Sleeping Fires by Gertrude Franklin Horn Atherton
Dr. Talbot had confided to Mrs. McLane that his wife was inclined to be a bas bleu and he wanted her broken of an unfeminine love of books. Mrs. McLane, who knew that a reputation for bookishness would be fatal in a community that regarded "Lucile" as a great poem and read little but the few novels that drifted their way (or the continued stories in Godey's Lady's Book), promised him that Madeleine's intellectual aspirations should be submerged in the social gaieties of the season.
She kept her word. Dinners, receptions, luncheons, theatre parties, in honor of the bride, followed in rapid succession, and when all had entertained her, the less personal invitations followed as rapidly. Her popularity was not founded on novelty.
No girl in her first season had ever enjoyed herself more naively and she brought to every entertainment eager sparkling eyes and dancing feet that never tired. She became the "reigning toast." At parties she was surrounded by a bevy of admirers or forced to divide her dances; for it was soon patent there was no jealousy in Talbot's composition and that he took an equally naive pride in his wife's success. When alone with women she was quite as animated and interested, and, moreover, invited them to copy her gowns. Some had been made in Paris, others in New York. The local dressmakers felt the stirrings of ambition, and the shops sent for a more varied assortment of fabrics.
Madeleine Talbot at this time was very happy, or, at least, too busy to recall her earlier dreams of happiness. The whole-hearted devotion to gaiety of this stranded little community, its elegance, despite its limitations, its unbounded hospitality to all within its guarded portals, its very absence of intellectual criticism, made the formal life of her brief past appear dull and drab in the retrospect. The spirit of Puritanism seemed to have lost heart in those trackless wastes between the Atlantic and the Pacific and turned back. True, the moral code was rigid (on the surface); but far from too much enjoyment of life, of quaffing eagerly at the brimming cup, being sinful, they would have held it to be a far greater sin not to have accepted all that the genius of San Francisco so lavishly provided.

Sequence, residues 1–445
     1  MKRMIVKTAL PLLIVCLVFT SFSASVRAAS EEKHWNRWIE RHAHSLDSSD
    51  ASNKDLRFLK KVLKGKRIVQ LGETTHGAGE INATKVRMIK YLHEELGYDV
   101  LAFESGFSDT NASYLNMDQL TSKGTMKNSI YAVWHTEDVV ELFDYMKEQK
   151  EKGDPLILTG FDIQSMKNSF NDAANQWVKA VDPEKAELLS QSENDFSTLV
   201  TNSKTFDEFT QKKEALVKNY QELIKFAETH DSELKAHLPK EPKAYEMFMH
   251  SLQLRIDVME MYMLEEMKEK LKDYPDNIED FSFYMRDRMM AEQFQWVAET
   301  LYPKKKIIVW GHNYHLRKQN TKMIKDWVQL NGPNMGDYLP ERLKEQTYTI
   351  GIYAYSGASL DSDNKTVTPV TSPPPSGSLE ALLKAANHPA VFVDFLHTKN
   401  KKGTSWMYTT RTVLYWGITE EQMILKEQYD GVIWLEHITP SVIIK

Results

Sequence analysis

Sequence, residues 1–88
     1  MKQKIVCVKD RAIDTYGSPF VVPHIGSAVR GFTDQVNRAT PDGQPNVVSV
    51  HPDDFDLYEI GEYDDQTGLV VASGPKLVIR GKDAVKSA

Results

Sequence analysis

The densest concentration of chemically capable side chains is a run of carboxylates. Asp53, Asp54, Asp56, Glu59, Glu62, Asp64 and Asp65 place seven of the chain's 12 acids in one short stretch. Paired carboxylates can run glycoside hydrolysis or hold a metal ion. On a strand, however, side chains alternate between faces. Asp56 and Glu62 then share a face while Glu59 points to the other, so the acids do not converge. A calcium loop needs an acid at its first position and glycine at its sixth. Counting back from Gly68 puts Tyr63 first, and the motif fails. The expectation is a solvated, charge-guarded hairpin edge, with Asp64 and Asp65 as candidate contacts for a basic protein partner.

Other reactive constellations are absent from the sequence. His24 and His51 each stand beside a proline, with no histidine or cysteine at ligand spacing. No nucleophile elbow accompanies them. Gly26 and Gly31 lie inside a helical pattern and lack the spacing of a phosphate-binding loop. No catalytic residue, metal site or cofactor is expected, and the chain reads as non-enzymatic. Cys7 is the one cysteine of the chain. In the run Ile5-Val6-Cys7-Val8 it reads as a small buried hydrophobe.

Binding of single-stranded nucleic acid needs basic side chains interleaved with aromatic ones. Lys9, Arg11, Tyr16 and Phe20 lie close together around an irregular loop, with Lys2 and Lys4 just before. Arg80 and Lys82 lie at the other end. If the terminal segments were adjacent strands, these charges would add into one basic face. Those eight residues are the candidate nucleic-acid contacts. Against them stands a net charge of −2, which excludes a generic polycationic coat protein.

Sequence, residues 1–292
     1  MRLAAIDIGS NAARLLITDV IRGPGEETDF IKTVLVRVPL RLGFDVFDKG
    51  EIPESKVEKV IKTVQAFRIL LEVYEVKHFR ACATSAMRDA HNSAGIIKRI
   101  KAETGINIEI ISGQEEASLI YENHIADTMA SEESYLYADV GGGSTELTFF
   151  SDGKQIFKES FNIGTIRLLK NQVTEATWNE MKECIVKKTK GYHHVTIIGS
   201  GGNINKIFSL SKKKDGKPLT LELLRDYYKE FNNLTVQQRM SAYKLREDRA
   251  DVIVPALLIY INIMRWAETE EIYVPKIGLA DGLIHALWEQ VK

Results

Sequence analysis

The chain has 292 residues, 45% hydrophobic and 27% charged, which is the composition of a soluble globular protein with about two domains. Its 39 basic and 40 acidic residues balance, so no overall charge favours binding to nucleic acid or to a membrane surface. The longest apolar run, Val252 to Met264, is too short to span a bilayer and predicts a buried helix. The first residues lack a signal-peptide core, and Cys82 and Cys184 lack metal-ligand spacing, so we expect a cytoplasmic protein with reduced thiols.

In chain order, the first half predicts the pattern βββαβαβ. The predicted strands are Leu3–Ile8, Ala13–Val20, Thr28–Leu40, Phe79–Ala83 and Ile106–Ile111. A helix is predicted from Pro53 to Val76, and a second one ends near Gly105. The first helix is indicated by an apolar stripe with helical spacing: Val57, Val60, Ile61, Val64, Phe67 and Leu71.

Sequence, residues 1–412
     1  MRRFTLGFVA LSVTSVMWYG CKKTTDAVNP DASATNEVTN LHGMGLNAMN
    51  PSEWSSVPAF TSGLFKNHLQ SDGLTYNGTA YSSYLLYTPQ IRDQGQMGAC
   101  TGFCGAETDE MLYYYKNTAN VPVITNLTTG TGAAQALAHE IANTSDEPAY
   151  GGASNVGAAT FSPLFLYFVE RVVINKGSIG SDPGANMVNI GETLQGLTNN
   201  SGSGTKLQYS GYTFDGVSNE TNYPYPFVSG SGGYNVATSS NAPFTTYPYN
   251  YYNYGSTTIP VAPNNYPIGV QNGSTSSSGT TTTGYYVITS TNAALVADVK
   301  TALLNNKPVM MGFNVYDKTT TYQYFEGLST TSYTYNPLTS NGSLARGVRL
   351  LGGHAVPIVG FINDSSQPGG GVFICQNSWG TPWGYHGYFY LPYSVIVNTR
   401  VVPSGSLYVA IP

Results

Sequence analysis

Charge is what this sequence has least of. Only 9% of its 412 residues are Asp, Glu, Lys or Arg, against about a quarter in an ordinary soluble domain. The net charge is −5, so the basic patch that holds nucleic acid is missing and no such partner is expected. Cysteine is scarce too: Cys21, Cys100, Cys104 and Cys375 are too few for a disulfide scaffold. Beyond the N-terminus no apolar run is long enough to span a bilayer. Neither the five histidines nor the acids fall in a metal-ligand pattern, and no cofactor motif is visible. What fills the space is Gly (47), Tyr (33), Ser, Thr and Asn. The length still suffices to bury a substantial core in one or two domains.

Wildness and recklessness were in the air, the night life of San Francisco was probably the maddest in the world; nor did the gambling houses close their doors by day, nor the women of Dupont Street cease from leering through their shuttered windows; a city born in delirium and nourished on crime, whose very atmosphere was electrified and whose very foundations were restless, would take a quarter of a century at least to manufacture a decent thick surface of conventionality, and its self-conscious respectable wing could no more escape its spirit than its fogs and winds. But evil excitement was tempered to irresponsible gaiety, a constant whirl of innocent pleasures. When the spirit passed the portals untempered, and drove women too highly-strung, too unhappy, or too easily bored, to the divorce courts, to drink, or to reckless adventure, they were summarily dropped. No woman, however guiltless, could divorce her husband and remain a member of that vigilant court. It was all or nothing. If a married woman were clever enough to take a lover undetected and merely furnish interesting surmise, there was no attempt to ferret out and punish her; for no society can exist without gossip.
But none centered about Madeleine Talbot. Her little coquetries were impartial and her devotion to her husband was patent to the most infatuated eye. Life was made very pleasant for her. Howard, during that first winter, accompanied her to all the dinners and parties, and she gave several entertainments in her large suite at the Occidental Hotel. Sally Ballinger was a lively companion for the mornings and was as devoted a friend as youth could demand. Mrs. Abbott petted her, and Mrs. Ballinger forgot that she had been born in Boston.
When it was discovered that she had a sweet lyric soprano, charmingly cultivated, her popularity winged another flight; San Francisco from its earliest days was musical, and she made a brilliant success as La Belle Helene in the amateur light opera company organized by Mrs. McLane. It was rarely that she spent an evening alone, and the cases of books she had brought from Boston remained in the cellars of the Hotel.